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In women with Pelvic organ prolapse (POP)is doing pelvic floor muscle exercises alone better than no treatment for relief of POP symptoms and quality of life?

Three Part Question

In [women with pelvic organ prolapse] are [Pelvic floor muscle exercises better than no treatment] for [relief of POP symptoms and quality of life?]

Clinical Scenario

A 40 year old female arrives to the physiotherapy department with a diagnosed pelvic organ prolapse (POP) from the Gynaecology clinic. She wants to know if pelvic floor muscle exercises alone will help improve her POP symptoms.

Search Strategy

Medline 1966-09 using the PubMed Clinical queries database was searched using the following terms (Therapy/Narrow[filter]) AND (Therapy/Broad[filter]) AND (exercis* AND pelvic organ prolapse) and (Therapy/Broad[filter]) AND[women with pelvic organ prolapse] AND [pelvic floor muscles exercises] AND [advice]. (Therapy/Broad[filter]) AND ((Therapy/Narrow[filter]) AND (Therapy/Broad[filter]) AND (Pelvic organ prolapse AND pelvic floor muscle training))

In addition the BestBETS database was searched using similar terms. Finally, the PEDrO (Physiotherapy best evidence) database was searched, Pedro Simple search: pelvic organ prolapse, Pedro advanced search: therapy strength training, women’s health, incontinence: perineum and gentio tract, with only papers already rated as 7/10 on the quality score being selected for inclusion. The Athens database was also searched: the databases were AMED, CINAHL and PUBMED with the terms Pelvic organ prolapse AND pelvic floor muscle training

PEDrO (Physiotherapy best evidence database):
Pub Med:

Search Outcome

Altogether 64 abstracts were identified from the combined searches, after duplicates had been removed. Abstracts were screened. Full papers were obtained for those papers that answered, or potentially answered the three part search question. This resulted in 14 papers being obtained. These papers were rated for quality and risk of bias using a standard proforma with papers scoring over 6/10 being summarised in Table 1. This process resulted in 3 papers being rated as good quality and directly answering the PICO question

Relevant Paper(s)

Author, date and country Patient group Study type (level of evidence) Outcomes Key results Study Weaknesses
Hagen, S, Stark, D, Glazener, C
Women Stage I/II POP confirmed with POP-Q RCTPOP symptom scoreSignificant improvement in symptoms in intervention group. Between baseline and 26weeks. ( 3.5 change compared to 0.1 )No blinding , gynaecologist aware of previous score on POP-Q at each assessment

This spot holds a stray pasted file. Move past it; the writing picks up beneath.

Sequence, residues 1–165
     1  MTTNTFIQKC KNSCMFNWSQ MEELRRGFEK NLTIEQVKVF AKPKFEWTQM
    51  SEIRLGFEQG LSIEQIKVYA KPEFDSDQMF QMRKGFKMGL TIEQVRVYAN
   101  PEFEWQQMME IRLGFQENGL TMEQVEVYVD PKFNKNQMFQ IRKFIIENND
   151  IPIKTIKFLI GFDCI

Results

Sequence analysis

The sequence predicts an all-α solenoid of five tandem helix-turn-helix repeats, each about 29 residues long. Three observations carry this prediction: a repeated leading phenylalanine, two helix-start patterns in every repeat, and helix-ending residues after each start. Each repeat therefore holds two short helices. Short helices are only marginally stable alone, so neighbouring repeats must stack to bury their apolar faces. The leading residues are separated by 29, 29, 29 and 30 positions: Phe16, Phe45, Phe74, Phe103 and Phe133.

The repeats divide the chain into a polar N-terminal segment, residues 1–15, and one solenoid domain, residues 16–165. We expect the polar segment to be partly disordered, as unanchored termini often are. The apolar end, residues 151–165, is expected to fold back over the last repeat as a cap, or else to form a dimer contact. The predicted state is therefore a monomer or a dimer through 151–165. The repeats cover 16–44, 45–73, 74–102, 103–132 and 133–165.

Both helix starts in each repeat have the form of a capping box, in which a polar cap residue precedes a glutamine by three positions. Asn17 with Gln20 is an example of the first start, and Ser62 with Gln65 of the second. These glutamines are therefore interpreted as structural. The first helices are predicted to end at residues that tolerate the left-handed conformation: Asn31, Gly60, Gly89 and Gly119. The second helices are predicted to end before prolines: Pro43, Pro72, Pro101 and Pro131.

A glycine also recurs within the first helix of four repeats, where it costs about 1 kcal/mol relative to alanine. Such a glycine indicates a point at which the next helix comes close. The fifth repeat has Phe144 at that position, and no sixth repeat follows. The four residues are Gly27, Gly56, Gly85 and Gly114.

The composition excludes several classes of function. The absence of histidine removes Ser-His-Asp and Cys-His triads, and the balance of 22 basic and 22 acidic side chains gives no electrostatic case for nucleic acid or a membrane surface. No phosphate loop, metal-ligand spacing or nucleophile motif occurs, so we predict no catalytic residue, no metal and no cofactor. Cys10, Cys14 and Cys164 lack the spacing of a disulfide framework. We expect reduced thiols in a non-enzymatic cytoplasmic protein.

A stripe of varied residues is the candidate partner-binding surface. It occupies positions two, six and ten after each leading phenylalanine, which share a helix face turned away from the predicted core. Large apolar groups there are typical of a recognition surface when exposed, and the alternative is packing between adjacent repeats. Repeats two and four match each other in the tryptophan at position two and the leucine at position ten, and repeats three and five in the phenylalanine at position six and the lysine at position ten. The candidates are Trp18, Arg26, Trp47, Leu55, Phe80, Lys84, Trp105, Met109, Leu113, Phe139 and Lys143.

POP-Q scoresignificant improvement from baseline to 20 weeks in intervention group (45% improvement) 0% in control group
Hagan et al
Women with Pelvic organ prolapse stages I-IIIMulticentred RCTPOP-QPOP-Q: marginal difference at 6/12 (p=0.052). Slightly underpowered (needed 253 each group)
Postal questionnaire (POP-SS)6/12 mean dif 2.84 (p=0.001) 12/12 1.52 (p=0.005)
Womens perceived change in POP 52% v 17% at 6/12 (p<0.001)
Cost effectiveness£127/woman
Braekken et al
Women 1 year post partum with pelvic organ prolpase stages I, II or IIIRCT• Stage POP-Q• 19% of women in PFMT vs 8% in control group showed improvement or 1 grade on POP-Q Significantly more patients with stage 1 POP in control vs PFMT group (22% vs 13.8%) .
• Position of bladder and bowel with standing ultrasound, height measured by locating urethrovesical junction and rectal ampulla• Cranial elevation of the bladder improved by 3mm in the PFMT group compared with the control group ,• Cranial elevation of the rectum improved by 5.5mm in the PFMT group vs control
• Frequency and bother of prolapse symptoms as measured by a validated questionnaire (Int Urogynecol J Pelvic floor dysfunction 2003; 14; 122-7, Mouritsen et al)• Significantly reduced frequency (p=.015) and bother (p.04) of prolapse symptoms in PFMT group vs control
• PFM function determined by vaginal balloon catheter and manometer• Significantly greater improvement in PFM strength vs control (13.1 cmH20 vs 1.1 cmH20 (P<..001))
Ghroubi et al
47 women with grade grade 1 or 2 cystocele or rectocele RCT group 1: pelvic floor muscle training and advice on healthy living versus the control of no treatment for the treatment of genital prolapse a 2 year follow up. Measurement of Urinary Handicap (MUP)significant improvement in group 1
Urodynamicsincrease in urethral closure pressure ranges from 54.4 to 57.81 versus 54.05 to 52.18 in control group
UroflowmetrySignificant improvement in flow rate in treatment group
Vaginal heavinesssignifcant improvment, Only 18% in treatment group had heaviness ocmpared to 70% in control group.
Ditrovie Scoreimprovements in treatment group

Clinical Bottom Line

There is now evidence to conclude that doing pelvic floor muscle training (PFMT) alone is effective in reducing pelvic organ prolpase symptoms. PFMT should be the first line of treatment for these patients.


  1. Hagen, S, Stark, D, Glazener, C A Randomised controlled trial of pelvic floor muscle training for stages I and II pelvic organ prolapse 2009; 45-51
  2. Hagan, S, Glazener, C, Sinclair, L, Wilson, D, Dickson, S, McPherson, G, Logan, J, Frawley, H, Moore, K, Walker A A Mulitcentre Randomised controlled trial of a pelvic floor muscle training intervention for women with pelvic organ prolapse
  3. Ingeborg Hoff Brækken, PhD, PT; Memona Majida, MD; Marie Ellström Engh Can pelvic floor muscle training reverse pelvic organ prolapse
  4. Ghroubi, S, Kharrat, O, Chaari, M, Ben Ayed, B, Guermazi, M and Elleuch, M Effect of conservative treatment in the management of low degree urogenital prolapse Annales de Readaption Medecine Physique 2008, 96-102